Memorandum submitted by Dr J M Wober
GOVERNANCE AND FUNDING OF BROADCASTING
I enclose a copy of a letter I sent to The Times.
I would be grateful if I could be correctly
informed on the matter of who "owns" the broadcasting
licence. It is my (strong) impression that it does not "belong"
to the BBC and if that is so, it must be wrong if it was the BBC
which moved the contract for collection from the Post Office,
to Capita. Indeed, if it is not the BBC's (owned) licence then
has the transfer of contract been legitimate? If it was the DCMS
which moved the contract, is anybody convinced of the soundness
of the change?
To establish that the BBC is doing the job it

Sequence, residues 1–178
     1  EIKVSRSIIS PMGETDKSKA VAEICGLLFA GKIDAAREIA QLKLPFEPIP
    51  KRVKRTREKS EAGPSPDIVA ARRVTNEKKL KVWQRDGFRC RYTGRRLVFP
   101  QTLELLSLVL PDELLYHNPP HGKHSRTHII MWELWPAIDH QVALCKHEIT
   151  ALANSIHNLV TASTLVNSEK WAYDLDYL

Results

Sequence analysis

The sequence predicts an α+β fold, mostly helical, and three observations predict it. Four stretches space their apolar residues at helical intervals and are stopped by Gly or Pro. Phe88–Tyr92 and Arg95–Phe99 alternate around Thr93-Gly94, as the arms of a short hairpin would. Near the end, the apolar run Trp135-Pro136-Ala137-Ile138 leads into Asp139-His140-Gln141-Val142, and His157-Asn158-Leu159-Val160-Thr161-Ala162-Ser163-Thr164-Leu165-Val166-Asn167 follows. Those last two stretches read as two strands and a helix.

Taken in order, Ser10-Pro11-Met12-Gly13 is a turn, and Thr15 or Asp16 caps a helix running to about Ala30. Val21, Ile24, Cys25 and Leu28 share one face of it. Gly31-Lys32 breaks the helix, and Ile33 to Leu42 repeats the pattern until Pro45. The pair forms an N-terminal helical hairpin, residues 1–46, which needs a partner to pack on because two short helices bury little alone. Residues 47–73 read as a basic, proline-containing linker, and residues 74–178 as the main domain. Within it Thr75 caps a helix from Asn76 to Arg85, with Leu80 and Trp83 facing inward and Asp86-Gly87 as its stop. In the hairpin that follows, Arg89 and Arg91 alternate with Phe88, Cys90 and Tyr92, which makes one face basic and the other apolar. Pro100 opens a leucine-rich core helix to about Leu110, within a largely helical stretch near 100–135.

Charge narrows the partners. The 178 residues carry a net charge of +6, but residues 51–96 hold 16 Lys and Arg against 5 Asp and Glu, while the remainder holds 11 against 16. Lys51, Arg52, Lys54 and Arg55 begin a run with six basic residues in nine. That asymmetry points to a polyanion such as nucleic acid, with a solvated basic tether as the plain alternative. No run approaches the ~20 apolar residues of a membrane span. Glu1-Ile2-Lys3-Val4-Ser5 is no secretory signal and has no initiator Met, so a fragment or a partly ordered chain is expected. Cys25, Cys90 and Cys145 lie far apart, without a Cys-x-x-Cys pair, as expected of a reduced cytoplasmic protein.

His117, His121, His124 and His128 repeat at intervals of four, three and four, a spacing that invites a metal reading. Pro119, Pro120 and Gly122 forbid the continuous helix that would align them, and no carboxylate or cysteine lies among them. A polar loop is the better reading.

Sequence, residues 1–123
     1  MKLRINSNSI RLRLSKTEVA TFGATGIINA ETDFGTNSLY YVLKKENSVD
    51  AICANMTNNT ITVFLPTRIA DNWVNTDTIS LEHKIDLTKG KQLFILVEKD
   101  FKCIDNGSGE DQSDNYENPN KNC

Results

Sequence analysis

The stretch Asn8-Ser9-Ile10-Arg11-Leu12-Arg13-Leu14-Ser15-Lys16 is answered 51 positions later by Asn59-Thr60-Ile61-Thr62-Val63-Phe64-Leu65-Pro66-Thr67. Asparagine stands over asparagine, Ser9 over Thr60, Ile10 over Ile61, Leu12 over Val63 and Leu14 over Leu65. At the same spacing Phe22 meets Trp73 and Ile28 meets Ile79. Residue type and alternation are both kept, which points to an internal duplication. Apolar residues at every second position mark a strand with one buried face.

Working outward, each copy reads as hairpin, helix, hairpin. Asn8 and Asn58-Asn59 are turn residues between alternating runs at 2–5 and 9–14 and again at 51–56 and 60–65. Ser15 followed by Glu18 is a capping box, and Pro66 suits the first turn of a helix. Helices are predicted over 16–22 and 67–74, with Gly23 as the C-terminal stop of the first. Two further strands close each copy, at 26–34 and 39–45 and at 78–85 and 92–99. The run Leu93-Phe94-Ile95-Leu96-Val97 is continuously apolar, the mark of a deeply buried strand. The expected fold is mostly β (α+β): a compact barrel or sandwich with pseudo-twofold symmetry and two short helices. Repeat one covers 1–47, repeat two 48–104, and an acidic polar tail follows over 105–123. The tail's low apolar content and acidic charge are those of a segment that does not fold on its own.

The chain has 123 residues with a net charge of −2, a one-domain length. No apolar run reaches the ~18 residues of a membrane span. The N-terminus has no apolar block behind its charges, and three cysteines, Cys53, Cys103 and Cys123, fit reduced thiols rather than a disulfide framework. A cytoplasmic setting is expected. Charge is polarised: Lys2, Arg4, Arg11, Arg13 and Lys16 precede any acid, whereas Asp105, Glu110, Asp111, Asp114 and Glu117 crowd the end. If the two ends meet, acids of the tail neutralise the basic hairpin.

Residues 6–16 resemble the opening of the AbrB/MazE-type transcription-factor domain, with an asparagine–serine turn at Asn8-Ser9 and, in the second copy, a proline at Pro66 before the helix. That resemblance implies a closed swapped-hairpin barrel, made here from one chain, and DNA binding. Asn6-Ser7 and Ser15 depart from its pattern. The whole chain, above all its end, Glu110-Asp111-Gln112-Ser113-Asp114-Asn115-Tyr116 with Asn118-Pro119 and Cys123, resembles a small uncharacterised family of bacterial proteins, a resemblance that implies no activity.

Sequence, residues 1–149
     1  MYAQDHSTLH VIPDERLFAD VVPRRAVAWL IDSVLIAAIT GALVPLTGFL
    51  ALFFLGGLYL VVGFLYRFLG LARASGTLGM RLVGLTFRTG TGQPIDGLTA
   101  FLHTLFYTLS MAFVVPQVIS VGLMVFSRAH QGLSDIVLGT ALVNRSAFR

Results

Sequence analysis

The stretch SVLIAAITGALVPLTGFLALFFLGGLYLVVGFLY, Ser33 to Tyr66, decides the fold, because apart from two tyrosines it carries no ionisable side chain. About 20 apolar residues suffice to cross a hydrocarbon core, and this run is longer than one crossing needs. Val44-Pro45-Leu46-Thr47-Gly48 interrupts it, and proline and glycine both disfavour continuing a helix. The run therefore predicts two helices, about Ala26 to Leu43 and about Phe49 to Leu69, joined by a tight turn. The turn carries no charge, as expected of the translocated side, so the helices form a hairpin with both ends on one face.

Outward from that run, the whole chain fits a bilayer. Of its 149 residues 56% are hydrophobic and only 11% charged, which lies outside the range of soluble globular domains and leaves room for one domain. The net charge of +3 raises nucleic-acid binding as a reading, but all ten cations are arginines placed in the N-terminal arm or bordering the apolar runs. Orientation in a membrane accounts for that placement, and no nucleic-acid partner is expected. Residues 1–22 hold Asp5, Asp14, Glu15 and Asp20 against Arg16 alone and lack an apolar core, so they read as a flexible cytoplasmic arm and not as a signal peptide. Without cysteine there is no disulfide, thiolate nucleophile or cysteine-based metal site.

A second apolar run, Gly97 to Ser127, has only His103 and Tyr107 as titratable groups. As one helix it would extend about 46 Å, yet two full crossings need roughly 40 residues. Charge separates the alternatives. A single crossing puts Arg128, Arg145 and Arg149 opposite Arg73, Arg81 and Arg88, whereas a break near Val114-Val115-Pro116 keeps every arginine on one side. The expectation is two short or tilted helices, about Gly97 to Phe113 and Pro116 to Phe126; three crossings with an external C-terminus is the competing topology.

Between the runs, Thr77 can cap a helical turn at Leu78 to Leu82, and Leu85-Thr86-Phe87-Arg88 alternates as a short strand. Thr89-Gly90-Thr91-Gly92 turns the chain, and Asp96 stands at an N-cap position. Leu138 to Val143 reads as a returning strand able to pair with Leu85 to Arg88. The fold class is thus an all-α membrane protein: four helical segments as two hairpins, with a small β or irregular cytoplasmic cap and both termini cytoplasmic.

should, we the public need to be shown two kinds of measure (at
a measure of diversity of the programming
that is provided;
a measure of appreciation of programmes
that have been seen.
The former measure does not exist, in a standard
and well understood form.
The second exists (and has done so for three
decades) but results should be published.
It is written into the Broadcasting Act (1990)
that the ITC should carry out research on the effects (if any)
on the public, of programmes broadcast. Not only has the ITC not
done this in the last few years, it has discontinued its support
of the Appreciation Measurement service run by BARB, which can
be used for such Effects Studies. As far as I know, nobody has
queried this drastic shortcoming in the ITC's research responsibilities.
I hope that we may see, in future, a regulator
which will not only act for but also provide sophisticated information
to the public, along the lines indicated above.